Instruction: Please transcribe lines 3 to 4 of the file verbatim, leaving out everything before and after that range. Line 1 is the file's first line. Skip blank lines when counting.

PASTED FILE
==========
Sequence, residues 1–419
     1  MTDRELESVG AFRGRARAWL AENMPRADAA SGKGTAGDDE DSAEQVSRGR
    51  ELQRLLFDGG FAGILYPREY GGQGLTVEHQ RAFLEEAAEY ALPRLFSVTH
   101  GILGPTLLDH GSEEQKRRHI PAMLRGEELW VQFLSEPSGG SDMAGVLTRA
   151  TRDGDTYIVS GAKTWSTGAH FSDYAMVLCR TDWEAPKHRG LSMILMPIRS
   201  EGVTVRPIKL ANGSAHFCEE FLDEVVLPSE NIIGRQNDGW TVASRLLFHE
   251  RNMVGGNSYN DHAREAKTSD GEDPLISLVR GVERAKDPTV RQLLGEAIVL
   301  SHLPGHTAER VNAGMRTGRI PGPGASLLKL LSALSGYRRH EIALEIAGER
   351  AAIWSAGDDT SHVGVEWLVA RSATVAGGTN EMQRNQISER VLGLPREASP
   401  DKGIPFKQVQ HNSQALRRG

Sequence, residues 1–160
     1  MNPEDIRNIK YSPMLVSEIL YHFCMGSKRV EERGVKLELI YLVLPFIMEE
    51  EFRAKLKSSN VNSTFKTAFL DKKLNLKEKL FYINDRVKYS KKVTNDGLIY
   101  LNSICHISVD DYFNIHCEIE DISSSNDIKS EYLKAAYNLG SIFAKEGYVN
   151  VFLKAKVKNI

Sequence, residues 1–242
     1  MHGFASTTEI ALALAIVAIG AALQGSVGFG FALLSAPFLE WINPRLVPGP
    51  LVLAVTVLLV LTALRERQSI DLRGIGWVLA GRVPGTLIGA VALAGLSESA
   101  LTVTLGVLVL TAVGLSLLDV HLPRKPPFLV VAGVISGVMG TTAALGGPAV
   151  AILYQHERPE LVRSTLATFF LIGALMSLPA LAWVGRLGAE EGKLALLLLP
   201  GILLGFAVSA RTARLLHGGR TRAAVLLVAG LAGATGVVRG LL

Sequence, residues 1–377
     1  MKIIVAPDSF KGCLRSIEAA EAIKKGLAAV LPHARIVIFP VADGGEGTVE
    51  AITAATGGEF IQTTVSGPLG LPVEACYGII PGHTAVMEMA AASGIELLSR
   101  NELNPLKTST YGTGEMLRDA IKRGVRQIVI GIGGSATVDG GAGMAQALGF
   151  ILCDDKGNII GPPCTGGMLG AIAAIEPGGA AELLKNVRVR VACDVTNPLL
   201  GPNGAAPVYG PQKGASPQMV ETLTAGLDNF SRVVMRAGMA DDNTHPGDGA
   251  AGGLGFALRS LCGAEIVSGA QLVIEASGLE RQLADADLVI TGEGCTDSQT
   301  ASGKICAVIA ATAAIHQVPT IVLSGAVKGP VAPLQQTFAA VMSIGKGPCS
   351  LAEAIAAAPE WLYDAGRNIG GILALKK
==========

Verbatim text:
    51  ELQRLLFDGG FAGILYPREY GGQGLTVEHQ RAFLEEAAEY ALPRLFSVTH
   101  GILGPTLLDH GSEEQKRRHI PAMLRGEELW VQFLSEPSGG SDMAGVLTRA